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The Senators descend, and open the gates.
Enter a Soldier.
Sold. My noble general, Timon is dead;
Alcib. [Reads.] Here lies a wretched corse, of wretched soul bereft :
Seek not my name: A plague consume you wicked caitiff's left!
Here lie I Timon; who, alive, all living men did hate:
Pass by, and curse thy fill; but pass, and stay not here thy gait.
These well express in thee thy latter spirits: Though thou abhorr'dst in us our human griefs, Scorn'dst our brain's flow*, and those our droplets which
From niggard nature fall, yet rich conceit
Taught thee to make vast Neptune weep for aye
Hereafter more. Bring me into your city,
Make war breed peace; make peace stint war;
Prescribe to other, as each other's leecht.
Let our drums strike.
i. e. Our tears.
The play of Timon is a domestick tragedy, and therefore strongly fastens on the attention of the reader. In the plan there is not much art, but the incidents are natural, and the characters various and exact. The catastrophe affords a very powerful warning against that ostentatious liberality, which scatters bounty, but confers no benefits, and buys flattery, but not friendship.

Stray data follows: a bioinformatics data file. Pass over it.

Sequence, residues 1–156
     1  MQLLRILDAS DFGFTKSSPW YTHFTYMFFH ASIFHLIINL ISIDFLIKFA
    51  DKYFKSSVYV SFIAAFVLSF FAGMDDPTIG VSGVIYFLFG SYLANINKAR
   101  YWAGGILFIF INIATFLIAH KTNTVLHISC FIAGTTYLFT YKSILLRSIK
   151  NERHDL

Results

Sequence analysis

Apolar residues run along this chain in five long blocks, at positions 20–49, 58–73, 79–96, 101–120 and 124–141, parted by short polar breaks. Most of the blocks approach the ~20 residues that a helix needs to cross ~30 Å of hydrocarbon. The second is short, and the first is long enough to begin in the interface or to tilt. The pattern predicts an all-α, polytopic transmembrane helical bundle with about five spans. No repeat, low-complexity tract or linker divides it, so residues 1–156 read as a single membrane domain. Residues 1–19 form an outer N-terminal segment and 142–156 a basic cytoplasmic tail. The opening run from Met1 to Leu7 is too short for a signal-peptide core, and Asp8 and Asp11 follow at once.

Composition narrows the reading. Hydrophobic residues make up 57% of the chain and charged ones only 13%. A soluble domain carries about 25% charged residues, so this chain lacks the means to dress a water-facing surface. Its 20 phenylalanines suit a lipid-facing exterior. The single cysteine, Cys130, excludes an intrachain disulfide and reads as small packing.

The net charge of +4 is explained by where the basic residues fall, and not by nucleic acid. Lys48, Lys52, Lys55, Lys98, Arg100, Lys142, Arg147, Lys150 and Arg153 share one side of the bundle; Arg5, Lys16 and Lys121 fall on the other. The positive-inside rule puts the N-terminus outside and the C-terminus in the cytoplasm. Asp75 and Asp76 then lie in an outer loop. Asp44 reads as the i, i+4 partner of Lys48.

In this tragedy, are many passages perplexed, obscure, and probably corrupt, which I have endeavoured to rectify, or explain with due diligence; but having only one copy, cannot promise myself that my endeavours shall be much applauded.
Caius Marcius Coriolanus, a noble Roman.
generals against the Volscians.
Menenius Agrippa, friend to Coriolanus.
tribunes of the people.
Young Marcius, son to Coriolanus.
A Roman Herald.
Tullus Aufidius, general of the Volscians.
Lieutenant to Aufidius.
Conspirators with Aufidius.
A Citizen of Antium.
Volumnia, mother to Coriolanus.
Roman and Volscian Senators, Patricians, Ediles, Lictors, Soldiers, Citizens, Messengers, Servants to Aufidius, and other Attendants.
Scene, partly in Rome; and partly in the terri tories of the Volscians and Antiates.